Tuesday, June 30, 2009
Dad went into the recovery room and will likely be there until about 4p today and will then head to an Intensive Care Room. That is standard procedure following this surgery.
The doctor said it went well, even showing mom the hunk they took out, which to what Mom called, "scary" for its size. She said it was about 1.5 inch long and fairly wide, the doctor said he's not sure how blood was still going through the opening.
He will be in ICU for the overnight and will likely be there until mid-morning, or depending on how his recovery is doing. He'll then go to a regular room and again his recovery pace will determine how soon he'll be discharged.
Right now the artery is thin, but will strengthen up in 24 hours. There was one other spot they were looking at and concerned about, but will only prescribe a baby aspirin to help take care of that blockage and gathering at that spot.
The doctor, who was called the best in the hospital, said the blockage gathers at the carotid because of the Y shape of the artery and vein right there and its common for stuff to gather there.
There was a concern about his lungs. Dad came back from his fishing trip with a bit of a cough and initially the staff thought Dad would be fine during the surgery. The doctors changed course and had him do a nebulizer this morning to clear up as much as possible so dad wouldn't cough during the surgery.
He went in surgery around 1:15p and Mom was called back to a room around 2:35p.
Mom said all is good for now on this procedure.
He can take visitors later, but not sure how many. He'll probably be home in two days. So, he'll be ready for the 4th. Alane is headed up right now and will likely greet him in his room around 4p. Kris will likely be there Thursday night and we plan to be there Friday and Saturday.
Thank you so much for your prayers and concerns over Kent. He can be difficult at times and if he only knew how much support he has, he'd likely be embarrassed. But this is why social media is important, a short work on my end can tell a lot of people quickly. I can give detailed info that you get and understand and you can be informed.
Thanks again for your support.
Alane made it to Waterloo. Kent was awake and knew who everybody was. He did take 3 tries to get Alane's name right... Hey, Julie, I mean Kris, I guess you're Alane...
He was a little uncomfortable, but that's what happens when you have a catheter in. Its now out and he's feeling better. I expect he'll see some visitors Wednesday.
Monday, June 29, 2009
He's got glaucoma and was in for a regular check up. The doctor noticed something and passed on the info to another doctor who noticed the blockage. That's a sharp eyed eye doctor who was on the ball. There was really no indication of anything wrong. But dad did say one night he had a moment of numbness in his side and his speech slurred for a moment. I'm still not sure when this happened, but it was done in an instant.
His surgery will be on the carotid arteries. The test was done last week and the surgery will happen Tuesday at Covenant Hospital in Waterloo. He'll likely be there 2 days, maybe two overnights, but we'll see. He's not big on hospitals, but this will have to do.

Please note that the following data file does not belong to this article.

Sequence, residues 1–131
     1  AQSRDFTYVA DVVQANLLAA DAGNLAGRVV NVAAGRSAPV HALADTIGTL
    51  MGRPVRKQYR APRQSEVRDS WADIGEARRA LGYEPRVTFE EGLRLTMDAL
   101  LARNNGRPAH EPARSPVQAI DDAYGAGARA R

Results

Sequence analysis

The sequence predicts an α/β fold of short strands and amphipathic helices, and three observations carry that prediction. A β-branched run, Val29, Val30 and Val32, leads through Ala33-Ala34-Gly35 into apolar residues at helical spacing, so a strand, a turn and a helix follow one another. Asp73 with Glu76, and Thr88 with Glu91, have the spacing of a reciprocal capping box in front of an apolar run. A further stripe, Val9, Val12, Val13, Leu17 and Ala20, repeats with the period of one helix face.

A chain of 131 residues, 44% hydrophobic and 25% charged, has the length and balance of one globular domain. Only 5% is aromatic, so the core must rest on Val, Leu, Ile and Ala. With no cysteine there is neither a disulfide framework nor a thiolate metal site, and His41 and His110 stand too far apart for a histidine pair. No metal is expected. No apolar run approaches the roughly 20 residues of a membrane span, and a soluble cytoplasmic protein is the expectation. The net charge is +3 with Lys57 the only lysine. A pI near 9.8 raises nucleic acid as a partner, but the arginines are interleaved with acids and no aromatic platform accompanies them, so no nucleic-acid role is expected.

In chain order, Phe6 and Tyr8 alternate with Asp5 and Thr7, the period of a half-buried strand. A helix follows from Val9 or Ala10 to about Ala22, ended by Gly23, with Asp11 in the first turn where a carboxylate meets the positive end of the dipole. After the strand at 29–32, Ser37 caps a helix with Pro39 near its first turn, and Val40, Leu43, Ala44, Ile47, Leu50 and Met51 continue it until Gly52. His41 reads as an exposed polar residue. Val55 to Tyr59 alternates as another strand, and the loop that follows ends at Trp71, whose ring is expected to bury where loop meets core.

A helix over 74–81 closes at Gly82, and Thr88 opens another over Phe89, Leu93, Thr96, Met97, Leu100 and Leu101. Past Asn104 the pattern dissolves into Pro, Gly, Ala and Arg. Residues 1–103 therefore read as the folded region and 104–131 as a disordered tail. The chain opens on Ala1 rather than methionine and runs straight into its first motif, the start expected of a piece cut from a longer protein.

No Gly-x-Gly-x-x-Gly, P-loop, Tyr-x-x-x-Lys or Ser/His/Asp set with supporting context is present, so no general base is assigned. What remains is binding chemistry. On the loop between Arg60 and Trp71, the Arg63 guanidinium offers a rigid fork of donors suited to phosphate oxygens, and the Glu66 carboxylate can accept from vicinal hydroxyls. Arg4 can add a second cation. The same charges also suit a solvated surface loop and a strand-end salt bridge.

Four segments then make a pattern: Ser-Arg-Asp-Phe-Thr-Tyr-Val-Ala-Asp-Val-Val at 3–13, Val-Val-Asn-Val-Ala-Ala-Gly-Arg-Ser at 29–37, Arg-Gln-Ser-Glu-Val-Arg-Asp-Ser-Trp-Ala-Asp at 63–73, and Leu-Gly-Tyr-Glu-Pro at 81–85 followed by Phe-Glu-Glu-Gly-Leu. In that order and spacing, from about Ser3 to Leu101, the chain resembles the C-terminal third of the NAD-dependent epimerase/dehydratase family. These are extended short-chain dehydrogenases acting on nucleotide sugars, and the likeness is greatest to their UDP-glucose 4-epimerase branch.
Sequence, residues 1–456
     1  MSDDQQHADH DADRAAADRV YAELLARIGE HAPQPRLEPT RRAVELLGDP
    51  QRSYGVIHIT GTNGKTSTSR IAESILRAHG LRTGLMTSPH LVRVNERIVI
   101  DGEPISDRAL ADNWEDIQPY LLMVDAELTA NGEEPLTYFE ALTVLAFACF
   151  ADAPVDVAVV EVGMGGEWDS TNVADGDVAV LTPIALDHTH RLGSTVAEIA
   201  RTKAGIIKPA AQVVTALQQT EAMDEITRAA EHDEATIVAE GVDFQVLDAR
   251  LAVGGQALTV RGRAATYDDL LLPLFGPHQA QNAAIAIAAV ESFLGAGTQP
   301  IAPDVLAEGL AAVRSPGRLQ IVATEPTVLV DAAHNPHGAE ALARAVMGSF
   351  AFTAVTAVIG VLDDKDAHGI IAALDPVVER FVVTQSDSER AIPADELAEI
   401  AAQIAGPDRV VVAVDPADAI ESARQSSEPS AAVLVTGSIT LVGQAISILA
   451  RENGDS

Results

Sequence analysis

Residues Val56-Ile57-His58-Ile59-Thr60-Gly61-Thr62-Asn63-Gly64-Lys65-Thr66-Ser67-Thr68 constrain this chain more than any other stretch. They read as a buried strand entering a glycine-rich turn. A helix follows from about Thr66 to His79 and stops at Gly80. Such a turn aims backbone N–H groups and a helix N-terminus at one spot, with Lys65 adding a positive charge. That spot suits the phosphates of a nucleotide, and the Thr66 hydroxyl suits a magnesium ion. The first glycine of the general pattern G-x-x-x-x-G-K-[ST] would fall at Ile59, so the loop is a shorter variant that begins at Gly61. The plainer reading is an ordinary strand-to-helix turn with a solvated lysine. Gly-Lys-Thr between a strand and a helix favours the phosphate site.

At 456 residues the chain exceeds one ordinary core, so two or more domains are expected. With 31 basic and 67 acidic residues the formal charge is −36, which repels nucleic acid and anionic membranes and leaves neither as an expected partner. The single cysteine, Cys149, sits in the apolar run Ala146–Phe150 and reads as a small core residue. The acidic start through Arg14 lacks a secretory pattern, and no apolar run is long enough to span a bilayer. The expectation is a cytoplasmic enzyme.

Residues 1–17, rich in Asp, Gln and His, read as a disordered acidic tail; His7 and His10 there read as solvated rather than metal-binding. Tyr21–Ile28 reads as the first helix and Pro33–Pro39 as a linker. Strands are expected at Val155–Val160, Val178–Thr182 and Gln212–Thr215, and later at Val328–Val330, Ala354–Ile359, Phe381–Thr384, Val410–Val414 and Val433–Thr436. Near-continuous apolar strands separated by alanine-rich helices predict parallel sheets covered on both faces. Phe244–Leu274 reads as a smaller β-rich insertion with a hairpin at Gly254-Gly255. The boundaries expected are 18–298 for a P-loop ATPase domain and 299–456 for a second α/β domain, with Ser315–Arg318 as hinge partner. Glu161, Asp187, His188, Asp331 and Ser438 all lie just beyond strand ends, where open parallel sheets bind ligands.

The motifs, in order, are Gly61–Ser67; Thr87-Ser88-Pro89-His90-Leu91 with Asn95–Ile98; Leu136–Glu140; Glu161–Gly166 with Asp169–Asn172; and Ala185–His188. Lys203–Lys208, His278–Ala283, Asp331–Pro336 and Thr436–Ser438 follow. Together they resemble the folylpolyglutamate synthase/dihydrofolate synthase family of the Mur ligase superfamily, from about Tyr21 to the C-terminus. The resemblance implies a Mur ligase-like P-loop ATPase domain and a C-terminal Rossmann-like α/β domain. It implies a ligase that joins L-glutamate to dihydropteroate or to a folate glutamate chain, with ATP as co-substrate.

The procedure will try to free up the 80% blockage in his carotid. The doctors will cut along his neck and try to free that blockage. It should take about 90 to 120 minutes.
Dad's cholesterol, blood pressure, eye pressure levels are all normal. He's a really healthy guy for someone who smoked for more than 40 years, but has since stopped.
I appreciate the prayers and thoughts for Kent.
Sunday, June 28, 2009
Some like a quick snapshot of reds, yellows and golds with some blue and purples, if you're lucky. Some like the tranquilness of the sunset to pause for reflection at the end of the day.
As a photographer, I don't know a sunset I didn't like. Some are better than others, but its usually hard to screw them up with your lens. But taking a picture of a sunset is one of those few things that you should just do with your mind's eye and not with your camera eye. Just bank it in your photo memory bank and not your online photo storage.
I am writing this from my back deck's patio, on a recliner chair watching a fire pit slowly die. The breeze is tickling me and is finally a cooling one. The day's wind is all but gone as a stillness settles in over my neighborhood. Its Sunday night. The festivities are all but done, people are starting to look at the week ahead. The trees stand stall and dark against the fading sky that's now more blue than red, and soon will be purple.
The farm where I grew up would provide some good sunsets. But our view to the west horizon was blocked by a barn and grove of trees. Those evergreens provided a windbreak against the northwest wind of winter, but did also block out the sun's dip below the horizon. I was on many a tractors at night when the sun went down as we were still working. The fall's sky fades quickly as the sun is hurrying to the southern hemisphere for summer. For these summer nights, the sun takes forever to settle. Its like a child trying to calm down after a big day of amusement park rides, trips to the pool and playing baseball in the backyard.